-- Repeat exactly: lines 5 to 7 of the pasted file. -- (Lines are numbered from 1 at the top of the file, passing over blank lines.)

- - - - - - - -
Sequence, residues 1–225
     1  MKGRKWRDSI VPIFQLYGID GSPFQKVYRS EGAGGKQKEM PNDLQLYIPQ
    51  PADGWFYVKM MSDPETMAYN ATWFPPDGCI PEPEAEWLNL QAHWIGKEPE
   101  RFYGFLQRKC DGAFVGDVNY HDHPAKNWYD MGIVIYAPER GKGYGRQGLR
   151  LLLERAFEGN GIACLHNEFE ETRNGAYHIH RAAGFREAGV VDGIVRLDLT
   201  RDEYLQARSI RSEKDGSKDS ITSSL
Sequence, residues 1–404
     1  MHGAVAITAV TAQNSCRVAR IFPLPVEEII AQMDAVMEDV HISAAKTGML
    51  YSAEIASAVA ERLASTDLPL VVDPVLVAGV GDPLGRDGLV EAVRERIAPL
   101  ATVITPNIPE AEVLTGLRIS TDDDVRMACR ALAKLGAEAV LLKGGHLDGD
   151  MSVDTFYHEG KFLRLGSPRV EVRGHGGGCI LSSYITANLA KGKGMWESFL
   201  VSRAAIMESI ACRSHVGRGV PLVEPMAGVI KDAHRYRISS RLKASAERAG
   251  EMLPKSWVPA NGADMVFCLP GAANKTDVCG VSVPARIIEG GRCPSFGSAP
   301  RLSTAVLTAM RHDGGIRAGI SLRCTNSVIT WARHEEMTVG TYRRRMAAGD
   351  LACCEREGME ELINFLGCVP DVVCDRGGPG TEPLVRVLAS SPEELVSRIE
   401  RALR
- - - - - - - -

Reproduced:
   151  LLLERAFEGN GIACLHNEFE ETRNGAYHIH RAAGFREAGV VDGIVRLDLT
   201  RDEYLQARSI RSEKDGSKDS ITSSL
Sequence, residues 1–404